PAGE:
This was another record month for my Kindle sales. Sales were up across the board — in March, I sold 1360 books, in April I sold 1798, and this month I sold 1919. I earned $1415 in April and this month I earned $1543.
THE WALK continues to be my bestselling title. I sold 629 copies in April and 720 this month.
GUILTY, one of my re-branded VIGILANTE novels, moved up to #3 with 184 copies sold compared to 125 last month.
There was one bit of troubling news…MY GUN HAS BULLETS went from selling 264 copies last month to 166 this month… I have no idea why sales plunged by 100 copies. That's a dramatic drop. I may need to try a new cover and see if that will stop the slide.
This will be the last month of Kindle sales under the old royalty system. Starting July 1, my royalties will go from 35% to 70% of each sale. I can't wait.
Author Lee Goldberg once published an article about BookWhirl.com. He entitled his post, BookWhirl Can't Even Sell Itself. Published last August 2008, the article features Goldberg’s first and only impression about BookWhirl.com.
But contrary to Lee Goldberg’s first impression, we, at BookWhirl.com strive for excellence in the best way that we can to provide assistance to self-published authors. Despite negative reviews, BookWhirl.com continues to sufficiently address and accommodate online marketing needs. With cost-efficient marketing tools, self-published authors are given the chance to efficiently market their books even on a shoestring budget.
Powerfully persuasive stuff. But then again, that's the hallmark of Bookwhirl. And once again, they get to show off their brilliant promotional skills…proudly touting that they "sufficiently address and accommodate" the marketing needs of their clients. Wow, that's mighty impressive. It's not easy finding a publicist who is sufficient, is it? They also go on to showcase their exceptional grasp of English and grammar, too:
BookWhirl.com is continuously improving and ironing the quality of its business communications. BookWhirl.com is grateful to its consumers who have extended their commendation on the improvement of our customer communications.
Back in September 2009, despite my negative blog post about them, the sufficient publicists at Bookwhirl contacted me again with a sales pitch:
A pleasant day to you.
This is Melissa Adams, a Marketing Consultant of Bookwhirl.com.
I came across your book, “Mr. Monk is Miserable” and I find it very interesting. Our company, Bookwhirl.com is really interested to help you in promoting your book/s online because we find out that your book/s deserves to be recognized.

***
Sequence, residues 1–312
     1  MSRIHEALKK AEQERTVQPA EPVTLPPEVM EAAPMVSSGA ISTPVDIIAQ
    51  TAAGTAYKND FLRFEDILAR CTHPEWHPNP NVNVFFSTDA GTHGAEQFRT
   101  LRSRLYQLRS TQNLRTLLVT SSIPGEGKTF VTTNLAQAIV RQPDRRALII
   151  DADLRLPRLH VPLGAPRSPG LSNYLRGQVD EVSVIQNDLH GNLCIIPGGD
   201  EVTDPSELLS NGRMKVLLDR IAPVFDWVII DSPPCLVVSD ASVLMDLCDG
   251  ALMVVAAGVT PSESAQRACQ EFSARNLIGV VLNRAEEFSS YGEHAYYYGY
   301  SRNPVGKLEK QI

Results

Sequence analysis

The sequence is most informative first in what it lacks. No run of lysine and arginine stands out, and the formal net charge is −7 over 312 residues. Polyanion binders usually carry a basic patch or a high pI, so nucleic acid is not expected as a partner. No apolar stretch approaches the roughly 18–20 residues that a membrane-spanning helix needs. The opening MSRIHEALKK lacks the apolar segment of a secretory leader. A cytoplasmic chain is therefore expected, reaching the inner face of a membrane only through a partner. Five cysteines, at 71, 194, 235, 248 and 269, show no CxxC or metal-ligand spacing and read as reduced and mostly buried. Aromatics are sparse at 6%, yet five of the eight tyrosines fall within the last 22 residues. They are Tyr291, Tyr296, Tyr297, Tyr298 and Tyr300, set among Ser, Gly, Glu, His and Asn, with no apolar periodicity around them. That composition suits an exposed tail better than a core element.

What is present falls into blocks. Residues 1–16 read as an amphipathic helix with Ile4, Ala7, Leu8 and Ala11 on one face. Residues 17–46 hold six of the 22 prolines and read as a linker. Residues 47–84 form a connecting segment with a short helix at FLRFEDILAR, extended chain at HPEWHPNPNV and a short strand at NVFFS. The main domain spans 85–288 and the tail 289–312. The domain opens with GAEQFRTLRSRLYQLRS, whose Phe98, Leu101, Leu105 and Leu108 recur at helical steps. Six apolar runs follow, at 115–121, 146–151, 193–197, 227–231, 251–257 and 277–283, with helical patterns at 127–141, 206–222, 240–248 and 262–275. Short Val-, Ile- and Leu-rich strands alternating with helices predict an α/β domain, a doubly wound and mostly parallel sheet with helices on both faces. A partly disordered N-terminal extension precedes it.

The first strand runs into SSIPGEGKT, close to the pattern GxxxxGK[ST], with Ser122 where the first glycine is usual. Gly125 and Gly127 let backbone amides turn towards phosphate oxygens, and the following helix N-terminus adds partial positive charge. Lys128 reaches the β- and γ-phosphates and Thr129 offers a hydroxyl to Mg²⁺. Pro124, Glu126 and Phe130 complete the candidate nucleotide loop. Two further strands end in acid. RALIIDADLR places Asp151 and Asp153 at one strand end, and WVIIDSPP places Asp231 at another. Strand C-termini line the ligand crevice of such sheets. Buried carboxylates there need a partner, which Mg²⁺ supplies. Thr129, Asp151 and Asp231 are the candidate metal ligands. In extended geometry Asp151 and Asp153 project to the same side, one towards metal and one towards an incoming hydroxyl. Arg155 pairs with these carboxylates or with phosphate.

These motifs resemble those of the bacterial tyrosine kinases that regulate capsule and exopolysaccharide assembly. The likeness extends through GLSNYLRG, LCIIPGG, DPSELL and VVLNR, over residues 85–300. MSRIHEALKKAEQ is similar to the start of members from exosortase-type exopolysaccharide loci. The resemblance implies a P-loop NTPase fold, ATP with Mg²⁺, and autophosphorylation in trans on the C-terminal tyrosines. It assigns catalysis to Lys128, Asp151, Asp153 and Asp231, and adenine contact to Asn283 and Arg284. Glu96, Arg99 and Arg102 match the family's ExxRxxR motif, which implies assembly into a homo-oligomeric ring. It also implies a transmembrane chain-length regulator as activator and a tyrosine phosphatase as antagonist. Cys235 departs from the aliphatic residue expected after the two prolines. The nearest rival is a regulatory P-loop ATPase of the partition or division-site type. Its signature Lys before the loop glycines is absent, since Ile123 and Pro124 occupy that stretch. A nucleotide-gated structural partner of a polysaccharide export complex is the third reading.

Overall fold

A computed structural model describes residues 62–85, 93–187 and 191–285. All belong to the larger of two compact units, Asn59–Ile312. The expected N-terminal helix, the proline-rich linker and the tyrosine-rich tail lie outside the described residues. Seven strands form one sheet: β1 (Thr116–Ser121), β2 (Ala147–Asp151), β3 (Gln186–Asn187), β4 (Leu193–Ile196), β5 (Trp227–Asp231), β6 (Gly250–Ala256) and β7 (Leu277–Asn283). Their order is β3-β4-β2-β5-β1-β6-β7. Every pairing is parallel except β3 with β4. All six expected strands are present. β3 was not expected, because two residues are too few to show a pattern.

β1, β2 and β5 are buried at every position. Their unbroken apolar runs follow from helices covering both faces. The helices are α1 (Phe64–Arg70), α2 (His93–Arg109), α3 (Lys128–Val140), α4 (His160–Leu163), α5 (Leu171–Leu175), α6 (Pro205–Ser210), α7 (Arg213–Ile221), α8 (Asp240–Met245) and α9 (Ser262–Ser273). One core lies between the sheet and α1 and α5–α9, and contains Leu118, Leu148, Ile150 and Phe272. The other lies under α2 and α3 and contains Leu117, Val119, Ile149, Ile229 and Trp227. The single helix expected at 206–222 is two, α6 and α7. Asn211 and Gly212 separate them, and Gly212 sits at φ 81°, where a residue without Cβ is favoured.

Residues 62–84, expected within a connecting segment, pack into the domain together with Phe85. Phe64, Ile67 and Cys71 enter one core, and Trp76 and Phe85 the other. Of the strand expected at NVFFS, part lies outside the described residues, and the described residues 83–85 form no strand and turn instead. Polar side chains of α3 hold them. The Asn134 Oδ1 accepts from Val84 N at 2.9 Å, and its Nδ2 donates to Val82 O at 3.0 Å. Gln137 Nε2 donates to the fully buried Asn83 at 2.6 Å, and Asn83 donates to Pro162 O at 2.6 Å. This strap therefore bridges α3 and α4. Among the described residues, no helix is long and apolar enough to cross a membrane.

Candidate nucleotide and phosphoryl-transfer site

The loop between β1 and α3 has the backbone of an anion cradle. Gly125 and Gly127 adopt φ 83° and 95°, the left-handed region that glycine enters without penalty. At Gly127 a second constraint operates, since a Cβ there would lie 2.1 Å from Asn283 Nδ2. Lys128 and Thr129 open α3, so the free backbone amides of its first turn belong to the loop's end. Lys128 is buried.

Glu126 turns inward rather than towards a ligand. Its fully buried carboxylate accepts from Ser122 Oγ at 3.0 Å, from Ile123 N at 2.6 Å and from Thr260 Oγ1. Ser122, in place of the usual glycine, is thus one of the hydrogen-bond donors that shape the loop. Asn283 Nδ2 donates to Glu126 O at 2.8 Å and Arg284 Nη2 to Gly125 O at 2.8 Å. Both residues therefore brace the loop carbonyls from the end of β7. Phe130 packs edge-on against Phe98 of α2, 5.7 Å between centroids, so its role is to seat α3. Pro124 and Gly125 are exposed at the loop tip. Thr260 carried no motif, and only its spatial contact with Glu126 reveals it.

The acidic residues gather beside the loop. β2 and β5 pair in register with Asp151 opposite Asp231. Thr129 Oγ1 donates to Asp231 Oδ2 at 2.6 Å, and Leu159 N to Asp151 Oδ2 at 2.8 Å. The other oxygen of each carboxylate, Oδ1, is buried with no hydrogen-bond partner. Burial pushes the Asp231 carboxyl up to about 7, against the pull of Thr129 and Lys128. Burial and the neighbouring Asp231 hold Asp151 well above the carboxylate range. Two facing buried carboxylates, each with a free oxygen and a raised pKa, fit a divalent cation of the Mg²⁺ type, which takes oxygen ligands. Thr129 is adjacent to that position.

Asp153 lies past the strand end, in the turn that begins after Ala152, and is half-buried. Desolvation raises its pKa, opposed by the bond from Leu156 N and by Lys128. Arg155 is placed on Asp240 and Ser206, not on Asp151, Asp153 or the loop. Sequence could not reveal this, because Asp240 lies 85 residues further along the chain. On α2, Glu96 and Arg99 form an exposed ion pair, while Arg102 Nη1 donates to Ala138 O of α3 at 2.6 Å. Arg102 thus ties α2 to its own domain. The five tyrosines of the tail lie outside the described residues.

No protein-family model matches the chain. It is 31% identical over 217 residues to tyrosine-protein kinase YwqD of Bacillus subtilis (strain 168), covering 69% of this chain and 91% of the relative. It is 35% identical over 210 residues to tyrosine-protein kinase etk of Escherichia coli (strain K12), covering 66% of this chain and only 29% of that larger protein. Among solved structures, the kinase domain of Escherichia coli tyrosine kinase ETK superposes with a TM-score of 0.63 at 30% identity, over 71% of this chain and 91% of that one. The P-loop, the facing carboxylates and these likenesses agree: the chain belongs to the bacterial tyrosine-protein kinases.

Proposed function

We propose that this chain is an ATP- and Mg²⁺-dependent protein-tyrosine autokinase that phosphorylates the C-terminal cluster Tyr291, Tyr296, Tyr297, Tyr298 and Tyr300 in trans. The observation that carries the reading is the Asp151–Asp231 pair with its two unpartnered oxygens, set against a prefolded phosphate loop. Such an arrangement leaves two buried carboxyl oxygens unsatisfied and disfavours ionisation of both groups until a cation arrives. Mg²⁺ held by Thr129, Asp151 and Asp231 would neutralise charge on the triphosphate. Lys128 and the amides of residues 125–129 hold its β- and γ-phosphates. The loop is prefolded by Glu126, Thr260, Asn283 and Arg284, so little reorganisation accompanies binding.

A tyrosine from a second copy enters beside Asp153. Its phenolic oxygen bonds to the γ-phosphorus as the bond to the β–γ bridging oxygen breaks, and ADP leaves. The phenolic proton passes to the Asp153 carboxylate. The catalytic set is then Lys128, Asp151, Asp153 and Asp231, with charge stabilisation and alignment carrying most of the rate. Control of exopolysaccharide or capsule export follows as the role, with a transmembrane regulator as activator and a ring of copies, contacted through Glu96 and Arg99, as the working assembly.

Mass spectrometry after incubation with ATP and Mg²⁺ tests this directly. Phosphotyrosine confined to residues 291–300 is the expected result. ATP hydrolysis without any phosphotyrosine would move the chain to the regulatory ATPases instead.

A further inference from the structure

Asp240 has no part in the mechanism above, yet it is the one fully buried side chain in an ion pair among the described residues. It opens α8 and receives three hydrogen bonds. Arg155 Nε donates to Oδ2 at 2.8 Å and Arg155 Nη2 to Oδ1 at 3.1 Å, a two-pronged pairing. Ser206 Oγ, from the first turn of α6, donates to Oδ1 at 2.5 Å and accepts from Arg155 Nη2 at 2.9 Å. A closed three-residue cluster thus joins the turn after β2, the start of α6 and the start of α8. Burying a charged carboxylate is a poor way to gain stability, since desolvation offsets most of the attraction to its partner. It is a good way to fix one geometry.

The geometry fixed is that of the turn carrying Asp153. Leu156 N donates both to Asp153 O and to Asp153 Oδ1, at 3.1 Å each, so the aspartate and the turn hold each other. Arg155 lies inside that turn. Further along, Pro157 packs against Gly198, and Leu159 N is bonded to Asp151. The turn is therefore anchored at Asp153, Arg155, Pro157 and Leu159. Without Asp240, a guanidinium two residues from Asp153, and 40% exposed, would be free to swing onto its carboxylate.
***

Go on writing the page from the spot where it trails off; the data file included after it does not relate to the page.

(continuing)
As a Marketing Consultant, what I can do is to offer you a strategic marketing optimization that will help you strengthen the marketing punch of your book/s and eventually in the future this will help increase your book sales, and at the same time, increase the popularity of your book/s since we can send this out to thousands or even millions of people which are your target potential buyers.
The right time for you and your books in achieving the attention and recognition that is so rightfully deserved has come. You have the book, we have the Marketing Tools.
Please let me know the best way to contact you. You may also simply reply to this email or call at my toll free number X XXX XXX-XXXX. I’d be grateful to give you more information about this.
Please visit our website at www.Bookwhirl.com for more information.
Hope to hear from you soon.
Marketing Services – BookWhirl.com
Toll Free: 1 (877) 207-1679 ext 323
Fax No. : 1 (800) 852-4249
Email : email@example.com
You can't even write a coherent paragraph, with proper verb/tense agreement, and you think you can promote my books?
They contacted me again a month later with yet another pitch. I saved that message, too.
Hi Lee Goldberg,
A pleasant day.
I’m Rabbie Allen, a Marketing Specialist of Bookwhirl.com www.bookwhirl.com
I came across your book entitled, “.357 VIGILANTE: DIE, MR. JURY”. We are interested to promote it and we’d like to help you reach out up to 5,000,000 individuals and let them know about you and your passion for your work.
If you are interested, please provide me the best way to contact you or you may give me a call at XXX-XXX-XXXX or you may simply reply to this email. I’d be grateful to give you more information about this.